Doctors at the National Institutes of Health (NIH) have grown concerned over the amount of radiation Americans are incurring over a lifetime. Because of this, they will begin to record the amount of radiation patients receive from such procedures as CT scans in their electronic medical records. The concern arose after a study in the December issue of the Archives of Internal Medicine estimated that radiation from the procedures, which has risen drastically in the past few years, causes about 29,000 new cancers and 14,500 deaths annually. Another study in the Archive showed the problem could be even worse since patients are getting four times more imaging than previously believed. It also says children are especially vulnerable because they are small and still growing.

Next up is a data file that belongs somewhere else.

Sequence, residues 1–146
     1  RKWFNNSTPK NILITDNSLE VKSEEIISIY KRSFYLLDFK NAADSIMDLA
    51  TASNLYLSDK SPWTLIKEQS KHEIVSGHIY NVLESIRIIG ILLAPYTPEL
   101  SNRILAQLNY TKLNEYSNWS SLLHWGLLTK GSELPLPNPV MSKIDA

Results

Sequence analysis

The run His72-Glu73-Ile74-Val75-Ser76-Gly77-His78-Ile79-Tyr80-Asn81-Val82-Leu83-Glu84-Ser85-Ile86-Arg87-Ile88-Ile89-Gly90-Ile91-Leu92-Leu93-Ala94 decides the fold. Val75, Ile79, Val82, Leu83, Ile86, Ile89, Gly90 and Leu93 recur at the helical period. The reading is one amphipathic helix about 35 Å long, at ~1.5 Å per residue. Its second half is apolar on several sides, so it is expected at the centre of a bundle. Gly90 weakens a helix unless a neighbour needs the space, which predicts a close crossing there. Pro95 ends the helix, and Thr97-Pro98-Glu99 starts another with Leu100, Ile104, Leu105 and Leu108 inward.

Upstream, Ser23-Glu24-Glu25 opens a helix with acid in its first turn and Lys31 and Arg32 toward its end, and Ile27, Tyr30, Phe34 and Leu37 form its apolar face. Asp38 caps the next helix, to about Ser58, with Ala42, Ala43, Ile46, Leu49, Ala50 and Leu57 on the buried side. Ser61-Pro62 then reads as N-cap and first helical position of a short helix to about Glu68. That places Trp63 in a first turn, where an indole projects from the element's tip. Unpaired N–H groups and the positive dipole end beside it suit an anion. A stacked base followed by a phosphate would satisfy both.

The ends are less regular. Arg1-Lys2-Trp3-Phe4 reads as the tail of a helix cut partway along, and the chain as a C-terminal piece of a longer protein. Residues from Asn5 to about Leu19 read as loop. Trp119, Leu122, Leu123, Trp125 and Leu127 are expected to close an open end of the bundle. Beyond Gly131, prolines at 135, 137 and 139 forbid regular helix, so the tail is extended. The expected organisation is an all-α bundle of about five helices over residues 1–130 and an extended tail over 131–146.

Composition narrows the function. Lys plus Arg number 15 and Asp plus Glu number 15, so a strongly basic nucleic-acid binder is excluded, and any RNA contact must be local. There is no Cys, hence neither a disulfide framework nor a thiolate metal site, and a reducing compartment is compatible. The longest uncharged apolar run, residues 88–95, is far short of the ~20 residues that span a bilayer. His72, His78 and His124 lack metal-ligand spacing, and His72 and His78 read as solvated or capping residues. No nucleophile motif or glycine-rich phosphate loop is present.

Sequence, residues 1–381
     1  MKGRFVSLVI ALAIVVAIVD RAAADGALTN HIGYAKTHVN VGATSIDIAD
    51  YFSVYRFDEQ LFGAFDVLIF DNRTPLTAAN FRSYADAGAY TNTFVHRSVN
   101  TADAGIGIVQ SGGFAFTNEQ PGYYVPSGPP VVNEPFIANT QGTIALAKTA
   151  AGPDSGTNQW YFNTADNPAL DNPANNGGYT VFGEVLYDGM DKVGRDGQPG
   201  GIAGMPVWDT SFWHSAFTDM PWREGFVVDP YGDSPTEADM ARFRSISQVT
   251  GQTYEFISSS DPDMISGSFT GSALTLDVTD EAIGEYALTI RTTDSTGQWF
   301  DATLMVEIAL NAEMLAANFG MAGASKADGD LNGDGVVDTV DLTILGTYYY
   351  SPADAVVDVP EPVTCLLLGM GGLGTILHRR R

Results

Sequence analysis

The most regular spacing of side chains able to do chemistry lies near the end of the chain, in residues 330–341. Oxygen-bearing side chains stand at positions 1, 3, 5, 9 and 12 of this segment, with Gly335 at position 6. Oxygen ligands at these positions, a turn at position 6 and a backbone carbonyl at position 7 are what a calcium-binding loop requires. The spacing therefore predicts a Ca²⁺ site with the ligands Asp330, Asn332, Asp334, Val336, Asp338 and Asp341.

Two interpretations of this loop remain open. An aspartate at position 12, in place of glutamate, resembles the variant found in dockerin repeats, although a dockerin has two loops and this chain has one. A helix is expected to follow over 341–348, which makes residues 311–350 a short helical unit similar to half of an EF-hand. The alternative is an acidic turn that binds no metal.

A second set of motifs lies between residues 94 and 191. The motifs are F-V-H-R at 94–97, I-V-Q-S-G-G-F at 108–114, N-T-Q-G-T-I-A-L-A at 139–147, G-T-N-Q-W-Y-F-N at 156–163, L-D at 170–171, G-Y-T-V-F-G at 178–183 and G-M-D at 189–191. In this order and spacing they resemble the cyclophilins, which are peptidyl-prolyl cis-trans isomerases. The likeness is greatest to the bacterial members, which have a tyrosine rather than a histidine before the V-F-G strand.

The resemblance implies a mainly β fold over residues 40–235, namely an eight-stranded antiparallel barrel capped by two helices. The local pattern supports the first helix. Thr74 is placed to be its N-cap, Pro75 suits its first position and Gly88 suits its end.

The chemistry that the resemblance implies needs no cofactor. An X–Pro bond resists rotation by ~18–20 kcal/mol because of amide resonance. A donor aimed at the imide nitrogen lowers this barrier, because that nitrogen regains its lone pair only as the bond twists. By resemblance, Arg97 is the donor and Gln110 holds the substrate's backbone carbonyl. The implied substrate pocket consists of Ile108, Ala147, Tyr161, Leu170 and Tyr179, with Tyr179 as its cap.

The exposures in the study do not include the rare cases of machine malfunction or human error that cause patients to be exposed to more radiation than they should. While most machines do function properly, hospitals rarely record how much radiation a patient receives; the amount of radiation may vary depending on the size of the patient and what area of the body is being scanned. Now at the NIH, physicians will record how much radiation the patient received so the patient can take that information with them. If other hospitals follow suit, the information will enable researchers to compare the cancer risks of patients who receive high levels of radiation to those who receive low levels of radiation. The NIH alone would not be able to provide the appropriate data because they do not treat enough patients.